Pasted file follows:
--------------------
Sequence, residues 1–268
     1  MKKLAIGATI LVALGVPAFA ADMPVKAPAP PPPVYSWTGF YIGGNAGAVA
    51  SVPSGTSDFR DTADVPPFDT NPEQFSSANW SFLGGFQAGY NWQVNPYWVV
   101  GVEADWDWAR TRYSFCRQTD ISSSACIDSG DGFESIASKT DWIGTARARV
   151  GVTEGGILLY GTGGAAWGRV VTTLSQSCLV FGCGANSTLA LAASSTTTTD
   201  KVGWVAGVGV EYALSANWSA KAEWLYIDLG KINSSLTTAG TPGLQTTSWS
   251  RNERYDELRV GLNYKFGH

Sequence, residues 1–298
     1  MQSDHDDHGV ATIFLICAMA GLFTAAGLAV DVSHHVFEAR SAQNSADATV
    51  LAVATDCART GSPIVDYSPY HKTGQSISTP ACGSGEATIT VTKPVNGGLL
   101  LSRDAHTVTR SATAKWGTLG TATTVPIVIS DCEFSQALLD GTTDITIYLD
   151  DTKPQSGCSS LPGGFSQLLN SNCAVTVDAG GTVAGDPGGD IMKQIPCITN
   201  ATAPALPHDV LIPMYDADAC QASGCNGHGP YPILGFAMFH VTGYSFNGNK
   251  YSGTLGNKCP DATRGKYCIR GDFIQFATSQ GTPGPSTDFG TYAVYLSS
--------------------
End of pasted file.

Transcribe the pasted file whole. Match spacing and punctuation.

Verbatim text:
Sequence, residues 1–268
     1  MKKLAIGATI LVALGVPAFA ADMPVKAPAP PPPVYSWTGF YIGGNAGAVA
    51  SVPSGTSDFR DTADVPPFDT NPEQFSSANW SFLGGFQAGY NWQVNPYWVV
   101  GVEADWDWAR TRYSFCRQTD ISSSACIDSG DGFESIASKT DWIGTARARV
   151  GVTEGGILLY GTGGAAWGRV VTTLSQSCLV FGCGANSTLA LAASSTTTTD
   201  KVGWVAGVGV EYALSANWSA KAEWLYIDLG KINSSLTTAG TPGLQTTSWS
   251  RNERYDELRV GLNYKFGH

Sequence, residues 1–298
     1  MQSDHDDHGV ATIFLICAMA GLFTAAGLAV DVSHHVFEAR SAQNSADATV
    51  LAVATDCART GSPIVDYSPY HKTGQSISTP ACGSGEATIT VTKPVNGGLL
   101  LSRDAHTVTR SATAKWGTLG TATTVPIVIS DCEFSQALLD GTTDITIYLD
   151  DTKPQSGCSS LPGGFSQLLN SNCAVTVDAG GTVAGDPGGD IMKQIPCITN
   201  ATAPALPHDV LIPMYDADAC QASGCNGHGP YPILGFAMFH VTGYSFNGNK
   251  YSGTLGNKCP DATRGKYCIR GDFIQFATSQ GTPGPSTDFG TYAVYLSS